Then and now: What Chhagan Bhujbal and Indrani Mukherjea tell us about Indian prisons
New Delhi: While the decision by authorities to admit firebrand NCP leader Chhagan Bhujbal to St George Hospital has been mired in controversies – he only complained of toothache but was later found to need an ICU due to his blood pressure and diabetes – there is another facet of the story that not many may have noticed.
A photograph of firebrand NCP leader from Maharashtra Chhagan Bhujbal, arrested by the ED in March in a case of alleged money laundering to the tune of Rs 870 crore, has gone viral.
The photograph shows Bhujbal, a leader known to have a strong OBC foothold, in poor state – with a full white beard and poor health. According to reports, Bhujbal has lost 10 kgs since his arrest in March.
Bhujbal’s frail condition is a grim reminder of what the law and its might can do to those who have arrogantly wielded power and influence, unaware that their deeds would catch up with them sooner than later.
In jail, Bhhujbal shared his barrack with media tycoon Peter Mukherjea, who is in custody for being allegedly involved with the murder of his second wife’s daughter from an earlier marriage. The Sheena Bora case has been a matter of talk ever since it was revealed and the proceedings do seem to have taken a toll on the accused as well.
Not too long ago, a photograph emerged showing similar comparisons of Indrani Mukerjea, prime accused in the Sheena Bora murder case. This photogrpah also went viral on social media.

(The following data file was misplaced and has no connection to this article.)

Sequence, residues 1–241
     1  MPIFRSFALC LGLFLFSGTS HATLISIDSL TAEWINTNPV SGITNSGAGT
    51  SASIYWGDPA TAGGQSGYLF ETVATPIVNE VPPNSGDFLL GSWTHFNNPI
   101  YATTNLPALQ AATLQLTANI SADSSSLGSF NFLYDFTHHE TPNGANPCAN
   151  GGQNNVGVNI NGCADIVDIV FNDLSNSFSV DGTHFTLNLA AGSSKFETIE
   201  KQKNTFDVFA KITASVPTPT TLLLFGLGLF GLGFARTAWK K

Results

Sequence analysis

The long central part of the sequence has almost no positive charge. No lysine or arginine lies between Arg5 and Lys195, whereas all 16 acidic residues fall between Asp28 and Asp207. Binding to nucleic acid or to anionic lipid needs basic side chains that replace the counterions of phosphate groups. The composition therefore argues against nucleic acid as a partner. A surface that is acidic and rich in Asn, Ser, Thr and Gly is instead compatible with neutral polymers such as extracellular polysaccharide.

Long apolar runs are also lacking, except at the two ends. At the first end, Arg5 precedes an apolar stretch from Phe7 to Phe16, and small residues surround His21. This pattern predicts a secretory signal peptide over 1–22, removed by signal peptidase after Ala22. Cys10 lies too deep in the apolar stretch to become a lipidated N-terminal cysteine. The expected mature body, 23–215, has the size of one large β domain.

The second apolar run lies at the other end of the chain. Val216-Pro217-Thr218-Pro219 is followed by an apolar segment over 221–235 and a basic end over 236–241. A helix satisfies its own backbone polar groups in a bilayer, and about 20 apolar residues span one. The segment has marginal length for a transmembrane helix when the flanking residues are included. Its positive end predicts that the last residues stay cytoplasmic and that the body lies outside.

In the first image, prior to her arrest, she looks elegant and ravishing, while the other image which is believed to have been captured after her arrest, she looks old and pale. It seems incessant media trial has taken a toll on her health.
Life in jail is demanding and very different from what the mighty and powerful are used to otherwise. There is a strict regime to be followed. Wake up at 5 o’clock, noon really to talk to, to share your thoughts and grievances. Meals are served at stipulated times and there is hardly much you can do about it.
However, there could be more to the story if you look at it. The way influential people lead their lives can restrict their understanding of how the system works; especially when you are on the wrong side of it.
Cases linger on for years and a date for hearing could sometimes stretch to frustrating durations. Just yesterday, we saw a top jurist make an empassioned appeal to the executive to stop preaching on judicial delays and start acting on their job of filling up vacancies at lower courts.
His concern, after all, may not be entirely misplaced. Sometimes, photographs speak louder than words.